COMMENT:

Back in May, Housing and Urban Development Minister Phil Twyford was talking up his Government's "bold" and "exciting" urbanisation project, while admitting that "to be honest, government doesn't have much capability in this area".

He told delegates to the 2018 Urbanism NZ Conference that: "One of my jobs is to build capability and expertise in the public service for urban development, urban design and the built environment."

What he could offer was "the political will to work with you - the private sector ... design practitioners, local government, academia, the campaigners and advocates".

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Four months later, all this lovey-dovey talk seems over. It's time for the boxing gloves.

Auckland Council and its key planning document, the Unitary Plan, has failed to produce enough new housing.

The council, said Twyford, is "too close to the vested interests, like Nimbys. When it came time for tough and necessary decisions to create the Unitary Plan, too many councillors headed for the hills".

Twyford's solution to Auckland's housing crisis is to set up an Urban Development Authority to mastermind major housing developments. The UDA will become "the planning and consenting authority" for those developments.

It will "be able to override the Unitary Plan" and will "have access to all the planning and consenting powers" currently held by council for those development areas.

So much for his pledge, a few months before, to work in partnership with local government, the developers and even the dreaded bogeymen, those "not in my backyard" Nimby neighbours.

Then, he'd suggested an eminently sensible solution to the so-called Nimby problem.

"Good design," he said, was not just "the key to doing density well ... it's probably the only thing that will ease the fears of the Nimbys".

But now, without even trying out this "good design" pill, Twyford is resorting to the tired old Wellington-knows-best line - even though he'd admitted in May his public servants knew very little on this subject.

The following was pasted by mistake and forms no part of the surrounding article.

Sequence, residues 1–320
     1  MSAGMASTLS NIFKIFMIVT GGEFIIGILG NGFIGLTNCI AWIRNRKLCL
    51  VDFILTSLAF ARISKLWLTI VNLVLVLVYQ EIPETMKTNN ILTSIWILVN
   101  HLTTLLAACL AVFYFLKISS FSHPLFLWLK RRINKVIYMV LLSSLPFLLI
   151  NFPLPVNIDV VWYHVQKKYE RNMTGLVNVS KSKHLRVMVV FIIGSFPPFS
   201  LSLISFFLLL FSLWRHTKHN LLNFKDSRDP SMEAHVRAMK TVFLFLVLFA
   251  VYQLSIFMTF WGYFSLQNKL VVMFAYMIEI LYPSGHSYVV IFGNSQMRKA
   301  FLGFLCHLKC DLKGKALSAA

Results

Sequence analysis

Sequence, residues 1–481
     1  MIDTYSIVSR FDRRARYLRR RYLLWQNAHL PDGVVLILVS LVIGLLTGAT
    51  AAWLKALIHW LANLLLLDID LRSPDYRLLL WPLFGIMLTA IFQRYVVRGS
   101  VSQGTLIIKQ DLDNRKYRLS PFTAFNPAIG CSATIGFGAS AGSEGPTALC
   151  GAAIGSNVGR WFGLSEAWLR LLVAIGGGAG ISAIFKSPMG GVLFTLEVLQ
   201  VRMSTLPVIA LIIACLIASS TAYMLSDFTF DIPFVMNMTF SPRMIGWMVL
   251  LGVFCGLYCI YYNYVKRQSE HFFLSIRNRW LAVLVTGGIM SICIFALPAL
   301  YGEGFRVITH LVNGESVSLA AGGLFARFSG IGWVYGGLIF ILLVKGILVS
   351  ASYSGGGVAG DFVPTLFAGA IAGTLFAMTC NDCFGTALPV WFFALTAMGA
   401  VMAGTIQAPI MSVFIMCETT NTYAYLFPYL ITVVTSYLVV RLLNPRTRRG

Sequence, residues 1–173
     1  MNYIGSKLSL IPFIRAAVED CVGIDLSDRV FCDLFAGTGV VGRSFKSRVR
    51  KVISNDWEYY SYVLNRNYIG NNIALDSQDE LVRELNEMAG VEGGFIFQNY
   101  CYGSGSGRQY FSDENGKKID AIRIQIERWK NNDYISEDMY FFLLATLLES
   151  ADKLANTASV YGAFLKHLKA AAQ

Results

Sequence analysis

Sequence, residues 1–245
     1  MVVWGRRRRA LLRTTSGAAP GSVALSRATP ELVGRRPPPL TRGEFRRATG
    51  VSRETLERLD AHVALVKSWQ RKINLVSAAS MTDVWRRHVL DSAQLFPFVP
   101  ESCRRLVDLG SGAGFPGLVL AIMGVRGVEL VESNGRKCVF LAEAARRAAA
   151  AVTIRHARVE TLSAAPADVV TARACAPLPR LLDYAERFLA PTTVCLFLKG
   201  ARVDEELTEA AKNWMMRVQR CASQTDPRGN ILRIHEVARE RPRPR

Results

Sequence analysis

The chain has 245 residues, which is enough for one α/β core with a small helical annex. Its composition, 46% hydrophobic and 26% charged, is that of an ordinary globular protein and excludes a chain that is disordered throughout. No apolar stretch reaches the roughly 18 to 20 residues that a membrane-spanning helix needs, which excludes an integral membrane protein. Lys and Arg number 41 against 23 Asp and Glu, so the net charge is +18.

Don't get me wrong. An urban development authority is a great idea. It's a shame one wasn't set up in Auckland 10 years ago when the dying Labour Government contemplated the idea. A shame too, that Prime Minister John Key, while interested, did nothing about it when developers suggested it to him, or when the NZ Productivity Commission pushed the concept in its 2015 report.

The closest we got seems to be the Hobsonville Land Company, set up by the Labour Government in 2006 to redevelop the old air force base. Set up as a subsidiary of Housing New Zealand, it was to create a showcase "sustainable mixed community".

Built by private enterprise, it was to house a cross-section of society, with a third of the 3000 homes either "affordable" self-owned or state rentals.

The state rentals were an early casualty when local MP John Key fought the 2008 election arguing that housing the poor in this "very upmarket area" was "economic vandalism".

He duly won and quickly abolished state housing from the plans.

The Hobsonville development demonstrated that local and central government can work alongside each other in partnership with private enterprise in a UDA-type model to achieve, what most would say, is an excellent outcome.

If, in a time of a housing crisis, development at Hobsonville moved at a snail's pace, that was not the fault of local government, the governance model or of Nimbys. It was because central government politicians refused to acknowledge Auckland had a burgeoning housing crisis.

Now that we have a government prepared to tackle this crisis, it's a shame the minister has chosen to fill in his downtime by making cheap shots at the Unitary Plan, Auckland Council and Nimbys.

The 2016 Unitary Plan opened up building sites for more than 400,000 new dwellings - 10 times the estimated current short-fall. Yet the minister seems obsessed with a 102-apartment development on inner-city Dominion Rd, which has just been turned down by planning commissioners.

With at least 399,898 building sites to be going on with, it's hardly the calamity Twyford makes out. Or justification for central government declaring itself above Auckland's planning laws.